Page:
-- Mary Elizabeth Dallas
FRIDAY, April 27 (HealthDay News) -- Two genetic variations are
linked to a common form of glaucoma, known as primary open-angle
glaucoma, according to new research.
Glaucoma affects about 2.2 million people in the United States,
the U.S. National Eye Institute said in a news release.
"Loss of vision from glaucoma, a common cause of blindness worldwide, is due to irreversible damage to the optic nerve," noted one expert, Dr. Mark Fromer, an ophthalmologist at Lenox Hill Hospital in New York City. "Glaucoma is usually associated with high eye pressure leading to optic nerve damage. There is also a form of glaucoma with normal pressure."
In the new study, Janey Wiggs, of Harvard Medical School and
Massachusetts Eye and Ear Infirmary in Boston, and colleagues
analyzed the DNA sequences of more than 6,000 people. Half of them
had primary open-angle glaucoma. This form of the disease is
typically associated with increased eye pressure, but one-third of
these patients had normal-pressure glaucoma.
The study, published online April 26 in
PLoS Genetics, found that two genetic variations were linked with primary open-angle glaucoma, including those who have normal-pressure glaucoma.
One variant is in a gene located on chromosome 9. The second
variant is in a region of chromosome 8, where it may affect the
expression of one or two other genes. These genes may interact with
a molecule that regulates cell growth and survival throughout the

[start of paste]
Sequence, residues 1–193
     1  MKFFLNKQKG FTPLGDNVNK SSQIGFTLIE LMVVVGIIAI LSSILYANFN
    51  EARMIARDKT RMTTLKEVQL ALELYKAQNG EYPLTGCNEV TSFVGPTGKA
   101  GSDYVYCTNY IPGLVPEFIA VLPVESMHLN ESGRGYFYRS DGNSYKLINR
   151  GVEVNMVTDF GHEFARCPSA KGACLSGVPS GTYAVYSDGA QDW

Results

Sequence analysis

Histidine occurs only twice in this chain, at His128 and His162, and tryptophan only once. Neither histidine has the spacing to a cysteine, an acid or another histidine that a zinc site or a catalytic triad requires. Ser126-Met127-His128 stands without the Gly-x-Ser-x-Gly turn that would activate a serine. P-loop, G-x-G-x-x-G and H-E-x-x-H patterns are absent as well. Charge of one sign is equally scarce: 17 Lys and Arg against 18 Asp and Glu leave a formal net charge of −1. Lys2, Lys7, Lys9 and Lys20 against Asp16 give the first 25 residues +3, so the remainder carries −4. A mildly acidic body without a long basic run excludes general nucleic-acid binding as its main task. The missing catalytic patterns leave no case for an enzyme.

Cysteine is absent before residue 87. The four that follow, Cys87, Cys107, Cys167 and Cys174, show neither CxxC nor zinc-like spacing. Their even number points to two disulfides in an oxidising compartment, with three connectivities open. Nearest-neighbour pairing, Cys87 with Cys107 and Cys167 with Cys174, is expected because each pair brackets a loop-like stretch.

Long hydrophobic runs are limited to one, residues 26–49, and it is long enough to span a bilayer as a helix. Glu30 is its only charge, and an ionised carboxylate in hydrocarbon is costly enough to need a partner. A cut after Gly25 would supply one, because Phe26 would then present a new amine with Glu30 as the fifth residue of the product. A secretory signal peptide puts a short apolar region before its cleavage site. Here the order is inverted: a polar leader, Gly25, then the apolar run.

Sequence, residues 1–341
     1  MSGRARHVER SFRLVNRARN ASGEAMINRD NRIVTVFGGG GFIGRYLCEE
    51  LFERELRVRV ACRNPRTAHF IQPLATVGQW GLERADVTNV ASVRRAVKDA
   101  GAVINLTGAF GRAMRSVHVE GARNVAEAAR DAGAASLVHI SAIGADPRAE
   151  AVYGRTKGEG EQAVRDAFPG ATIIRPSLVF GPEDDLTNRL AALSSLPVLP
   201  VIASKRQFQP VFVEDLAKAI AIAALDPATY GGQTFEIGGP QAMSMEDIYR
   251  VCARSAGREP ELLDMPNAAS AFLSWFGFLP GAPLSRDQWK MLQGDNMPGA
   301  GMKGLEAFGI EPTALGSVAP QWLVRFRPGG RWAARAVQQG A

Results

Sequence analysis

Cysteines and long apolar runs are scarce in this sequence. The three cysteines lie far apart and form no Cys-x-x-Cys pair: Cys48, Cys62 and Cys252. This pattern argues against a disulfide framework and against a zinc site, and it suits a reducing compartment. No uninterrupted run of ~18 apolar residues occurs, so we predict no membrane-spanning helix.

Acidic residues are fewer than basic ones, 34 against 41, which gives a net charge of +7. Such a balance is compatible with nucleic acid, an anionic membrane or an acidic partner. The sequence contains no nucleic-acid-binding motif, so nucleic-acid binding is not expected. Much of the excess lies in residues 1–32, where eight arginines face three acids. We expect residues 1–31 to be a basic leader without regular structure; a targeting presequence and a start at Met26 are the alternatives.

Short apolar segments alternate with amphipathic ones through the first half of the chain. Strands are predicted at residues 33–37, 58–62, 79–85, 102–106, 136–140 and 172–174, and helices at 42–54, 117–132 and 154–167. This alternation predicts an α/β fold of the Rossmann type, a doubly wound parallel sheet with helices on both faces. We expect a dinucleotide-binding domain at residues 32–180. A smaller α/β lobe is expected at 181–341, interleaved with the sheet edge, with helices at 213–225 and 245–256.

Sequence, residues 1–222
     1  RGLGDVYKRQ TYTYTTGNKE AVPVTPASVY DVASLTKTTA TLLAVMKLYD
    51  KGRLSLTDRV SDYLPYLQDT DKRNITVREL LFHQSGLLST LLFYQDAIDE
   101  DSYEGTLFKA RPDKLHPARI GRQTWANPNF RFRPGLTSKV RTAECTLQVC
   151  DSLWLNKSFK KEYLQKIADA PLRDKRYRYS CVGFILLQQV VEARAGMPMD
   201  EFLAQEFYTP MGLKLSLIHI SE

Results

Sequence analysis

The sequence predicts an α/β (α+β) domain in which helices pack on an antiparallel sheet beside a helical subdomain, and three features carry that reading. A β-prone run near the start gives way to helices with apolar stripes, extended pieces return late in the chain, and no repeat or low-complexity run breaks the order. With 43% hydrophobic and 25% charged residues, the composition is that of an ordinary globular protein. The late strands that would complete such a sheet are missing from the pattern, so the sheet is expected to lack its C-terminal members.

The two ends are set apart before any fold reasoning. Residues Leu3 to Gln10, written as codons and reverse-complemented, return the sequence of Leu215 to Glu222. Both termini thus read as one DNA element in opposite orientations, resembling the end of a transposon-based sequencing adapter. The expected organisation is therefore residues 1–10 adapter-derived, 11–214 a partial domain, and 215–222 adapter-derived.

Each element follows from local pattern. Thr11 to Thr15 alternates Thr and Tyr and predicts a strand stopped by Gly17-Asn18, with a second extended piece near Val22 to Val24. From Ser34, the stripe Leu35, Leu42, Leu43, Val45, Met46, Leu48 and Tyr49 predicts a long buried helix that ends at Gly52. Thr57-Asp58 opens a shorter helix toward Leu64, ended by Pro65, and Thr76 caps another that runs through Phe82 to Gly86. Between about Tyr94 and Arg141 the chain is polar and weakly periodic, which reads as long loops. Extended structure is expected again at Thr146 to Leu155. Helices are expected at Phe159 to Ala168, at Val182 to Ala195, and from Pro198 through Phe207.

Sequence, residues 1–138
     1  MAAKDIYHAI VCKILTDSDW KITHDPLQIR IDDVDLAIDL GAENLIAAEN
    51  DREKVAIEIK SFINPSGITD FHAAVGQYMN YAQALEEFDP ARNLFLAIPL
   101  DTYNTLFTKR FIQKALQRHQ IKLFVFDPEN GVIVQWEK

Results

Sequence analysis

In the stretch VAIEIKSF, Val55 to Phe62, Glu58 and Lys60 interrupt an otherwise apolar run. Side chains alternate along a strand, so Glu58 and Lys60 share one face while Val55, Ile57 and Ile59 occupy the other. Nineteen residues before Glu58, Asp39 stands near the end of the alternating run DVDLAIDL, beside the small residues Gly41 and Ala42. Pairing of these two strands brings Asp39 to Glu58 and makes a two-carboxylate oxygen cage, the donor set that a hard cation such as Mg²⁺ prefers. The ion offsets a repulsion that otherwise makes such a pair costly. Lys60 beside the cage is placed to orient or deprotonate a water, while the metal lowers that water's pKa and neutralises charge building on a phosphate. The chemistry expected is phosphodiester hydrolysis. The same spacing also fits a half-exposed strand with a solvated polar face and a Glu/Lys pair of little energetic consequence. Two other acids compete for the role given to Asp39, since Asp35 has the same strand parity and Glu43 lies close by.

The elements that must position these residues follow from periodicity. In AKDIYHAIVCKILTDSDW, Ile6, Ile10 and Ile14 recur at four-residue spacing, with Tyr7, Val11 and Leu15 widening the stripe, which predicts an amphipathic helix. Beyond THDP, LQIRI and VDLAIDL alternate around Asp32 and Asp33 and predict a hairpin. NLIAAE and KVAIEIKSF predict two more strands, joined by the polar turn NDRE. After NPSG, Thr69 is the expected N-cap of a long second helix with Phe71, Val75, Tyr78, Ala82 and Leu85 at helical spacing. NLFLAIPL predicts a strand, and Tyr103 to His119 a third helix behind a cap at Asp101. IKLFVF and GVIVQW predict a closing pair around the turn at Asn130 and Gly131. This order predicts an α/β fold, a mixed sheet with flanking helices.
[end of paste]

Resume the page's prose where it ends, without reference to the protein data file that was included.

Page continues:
body, the researchers explained in the news release.
The investigators believe future studies could focus on this
molecule as a treatment for various forms of glaucoma.
Fromer concurred. "These results reveal new insights into the
genetic pathways of optic nerve disease in glaucoma for the first
time and are an important step toward the development of
preventative and protective therapies," he said.
The U.S. National Library of Medicine has more about
Please be aware that this information is provided to supplement the care provided by your physician. It is neither intended nor implied to be a substitute for professional medical advice. CALL YOUR HEALTHCARE PROVIDER IMMEDIATELY IF YOU THINK YOU MAY HAVE A MEDICAL EMERGENCY. Always seek the advice of your physician or other qualified health provider prior to starting any new treatment or with any questions you may have regarding a medical condition.
Copyright © EBSCO Publishing. All rights reserved.